Watching this version of Frank Loesser’s best and most famous musical, I could almost feel myself being hit over the head by its true concern. Apologies if it’s taken me decades to note what others may have clocked in an instant; maybe I was being distracted by the singing, dancing and wild intermingling of plotlines; maybe Loesser’s aims were being upstaged by the mere presence of Brando and Sinatra in the 1955 movie.
Whatever the reason, I’ve got there in the end. It’s all about salvation, stupid. Not just because the Save-a-Soul Mission in Gordon Greenberg’s production (the umpteenth West End transfer from Jonathan Church’s Chichester Festival Theatre) has such overtones of our own dear Sally Army; nor because everything comes good in the end for the rackety lives of these New York gamblers once they have gone through the public motions of faith and testimony. No, salvation for Loesser is a secular, present, worldly business. Perseverance gets you so far, but you ain’t got a prayer without the help of the two big L-words, Love and Luck. In this world suitors are chancers and chancers are suitors. Hence the heartfelt burden of the hit number, one of so many, “Luck Be A Lady Tonight.”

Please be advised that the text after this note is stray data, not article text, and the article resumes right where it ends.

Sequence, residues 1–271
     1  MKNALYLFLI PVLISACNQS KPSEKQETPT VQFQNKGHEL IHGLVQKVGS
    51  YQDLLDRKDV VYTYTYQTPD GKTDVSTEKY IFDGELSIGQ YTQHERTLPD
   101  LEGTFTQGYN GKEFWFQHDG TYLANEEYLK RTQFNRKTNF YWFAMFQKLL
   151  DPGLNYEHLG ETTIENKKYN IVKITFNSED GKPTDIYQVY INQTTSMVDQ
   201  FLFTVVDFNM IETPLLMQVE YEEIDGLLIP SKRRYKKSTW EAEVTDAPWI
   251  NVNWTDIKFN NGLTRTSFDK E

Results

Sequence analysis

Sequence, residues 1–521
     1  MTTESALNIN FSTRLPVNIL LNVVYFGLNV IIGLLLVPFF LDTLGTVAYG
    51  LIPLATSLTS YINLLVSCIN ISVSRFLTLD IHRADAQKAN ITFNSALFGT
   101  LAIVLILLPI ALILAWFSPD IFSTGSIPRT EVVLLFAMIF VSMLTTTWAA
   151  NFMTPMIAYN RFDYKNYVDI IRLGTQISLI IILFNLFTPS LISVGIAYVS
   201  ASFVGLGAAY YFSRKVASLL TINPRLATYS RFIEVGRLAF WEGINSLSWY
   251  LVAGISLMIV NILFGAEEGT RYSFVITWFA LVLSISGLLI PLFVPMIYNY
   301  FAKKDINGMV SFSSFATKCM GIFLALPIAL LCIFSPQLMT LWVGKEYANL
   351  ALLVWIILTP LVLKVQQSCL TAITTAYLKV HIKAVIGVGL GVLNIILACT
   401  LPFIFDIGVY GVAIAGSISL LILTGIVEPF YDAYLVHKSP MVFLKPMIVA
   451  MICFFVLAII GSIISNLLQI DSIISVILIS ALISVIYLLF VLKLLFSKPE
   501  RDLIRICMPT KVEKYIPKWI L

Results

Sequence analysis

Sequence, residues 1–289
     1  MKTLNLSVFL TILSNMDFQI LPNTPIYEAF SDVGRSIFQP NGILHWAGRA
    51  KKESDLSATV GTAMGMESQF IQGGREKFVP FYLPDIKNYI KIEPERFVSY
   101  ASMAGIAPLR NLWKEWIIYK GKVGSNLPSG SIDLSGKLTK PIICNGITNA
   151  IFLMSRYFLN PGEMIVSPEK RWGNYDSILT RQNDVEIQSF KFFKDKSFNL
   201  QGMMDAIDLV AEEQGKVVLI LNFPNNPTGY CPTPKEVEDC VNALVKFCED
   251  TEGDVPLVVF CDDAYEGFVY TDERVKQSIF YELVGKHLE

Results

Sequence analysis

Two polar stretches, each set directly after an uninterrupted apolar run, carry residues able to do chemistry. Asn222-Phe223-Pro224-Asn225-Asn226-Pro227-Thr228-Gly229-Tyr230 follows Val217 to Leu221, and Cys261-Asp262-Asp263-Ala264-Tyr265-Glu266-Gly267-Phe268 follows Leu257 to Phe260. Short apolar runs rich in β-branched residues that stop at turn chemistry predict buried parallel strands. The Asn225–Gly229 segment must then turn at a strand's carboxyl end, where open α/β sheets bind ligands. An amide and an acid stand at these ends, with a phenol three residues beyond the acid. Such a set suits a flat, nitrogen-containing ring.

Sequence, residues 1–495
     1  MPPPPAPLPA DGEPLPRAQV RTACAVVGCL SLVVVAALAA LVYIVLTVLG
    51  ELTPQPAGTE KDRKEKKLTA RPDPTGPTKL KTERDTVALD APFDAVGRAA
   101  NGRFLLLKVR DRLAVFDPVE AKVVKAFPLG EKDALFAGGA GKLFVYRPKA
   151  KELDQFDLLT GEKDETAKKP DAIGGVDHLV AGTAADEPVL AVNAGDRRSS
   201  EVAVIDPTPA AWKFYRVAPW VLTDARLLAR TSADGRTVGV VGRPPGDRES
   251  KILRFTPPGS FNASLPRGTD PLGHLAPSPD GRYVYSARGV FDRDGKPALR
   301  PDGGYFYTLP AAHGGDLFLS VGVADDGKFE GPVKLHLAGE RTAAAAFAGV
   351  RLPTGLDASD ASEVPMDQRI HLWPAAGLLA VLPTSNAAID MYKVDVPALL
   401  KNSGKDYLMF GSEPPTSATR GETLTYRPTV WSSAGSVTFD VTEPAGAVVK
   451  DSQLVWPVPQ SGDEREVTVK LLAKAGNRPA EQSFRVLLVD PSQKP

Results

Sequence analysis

Greenberg’s treatment is dark with depression, the great economic catastrophe that gripped the nation in the years before the Second War, and hung on interminably in the collective memory and national motivation. In this respect the production is equally true to Loesser’s inspiration and provider of source material, the short story writer Damon Runyon. He, remember, was a country boy from Kansas and didn’t make his way to Manhattan until his late twenties. Although he was suitably impressed by the fabled lights of Broadway, it was the lower depths that engaged his more questing impulses.
For him, hence for Greenberg as well, these places are far from infernal, and the temptation to portray them as a bustling city’s moral underbelly are easily avoided. In fact the “Crapshooters Dance” scene in the sewers, when the menacing figure of Big Jule tries to recoup his gambling losses by using blank dice, becomes high with the surreal comedy of how to get on in an already rigged world. The Big Short it isn’t, but as a den of high stakes and low ingenuity, it’s almost up there. It’s also great fun, more so than the Mission to which Sky has pledged to bring a crowd of sinners, ripe for repentance.